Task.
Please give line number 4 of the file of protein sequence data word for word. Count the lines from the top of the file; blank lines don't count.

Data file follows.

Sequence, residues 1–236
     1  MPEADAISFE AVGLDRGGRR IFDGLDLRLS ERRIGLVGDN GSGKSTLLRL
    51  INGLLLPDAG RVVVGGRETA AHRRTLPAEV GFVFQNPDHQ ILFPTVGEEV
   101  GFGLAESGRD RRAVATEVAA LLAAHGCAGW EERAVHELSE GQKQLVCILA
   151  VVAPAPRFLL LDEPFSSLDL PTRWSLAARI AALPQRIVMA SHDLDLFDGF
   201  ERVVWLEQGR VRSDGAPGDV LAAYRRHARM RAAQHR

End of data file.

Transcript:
   101  GFGLAESGRD RRAVATEVAA LLAAHGCAGW EERAVHELSE GQKQLVCILA